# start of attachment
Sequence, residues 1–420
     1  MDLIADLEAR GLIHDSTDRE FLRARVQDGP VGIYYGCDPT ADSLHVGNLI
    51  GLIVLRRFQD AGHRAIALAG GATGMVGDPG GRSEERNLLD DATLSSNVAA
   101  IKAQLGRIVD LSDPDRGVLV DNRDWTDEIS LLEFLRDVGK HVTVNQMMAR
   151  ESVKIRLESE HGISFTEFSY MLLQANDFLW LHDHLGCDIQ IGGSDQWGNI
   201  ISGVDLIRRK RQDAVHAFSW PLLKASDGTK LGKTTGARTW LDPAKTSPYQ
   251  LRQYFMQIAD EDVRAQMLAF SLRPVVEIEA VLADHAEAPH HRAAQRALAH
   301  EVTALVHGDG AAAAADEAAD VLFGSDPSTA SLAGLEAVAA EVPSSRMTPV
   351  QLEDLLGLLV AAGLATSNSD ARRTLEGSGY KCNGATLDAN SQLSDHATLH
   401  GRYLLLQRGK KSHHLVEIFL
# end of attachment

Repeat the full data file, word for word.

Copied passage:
Sequence, residues 1–420
     1  MDLIADLEAR GLIHDSTDRE FLRARVQDGP VGIYYGCDPT ADSLHVGNLI
    51  GLIVLRRFQD AGHRAIALAG GATGMVGDPG GRSEERNLLD DATLSSNVAA
   101  IKAQLGRIVD LSDPDRGVLV DNRDWTDEIS LLEFLRDVGK HVTVNQMMAR
   151  ESVKIRLESE HGISFTEFSY MLLQANDFLW LHDHLGCDIQ IGGSDQWGNI
   201  ISGVDLIRRK RQDAVHAFSW PLLKASDGTK LGKTTGARTW LDPAKTSPYQ
   251  LRQYFMQIAD EDVRAQMLAF SLRPVVEIEA VLADHAEAPH HRAAQRALAH
   301  EVTALVHGDG AAAAADEAAD VLFGSDPSTA SLAGLEAVAA EVPSSRMTPV
   351  QLEDLLGLLV AAGLATSNSD ARRTLEGSGY KCNGATLDAN SQLSDHATLH
   401  GRYLLLQRGK KSHHLVEIFL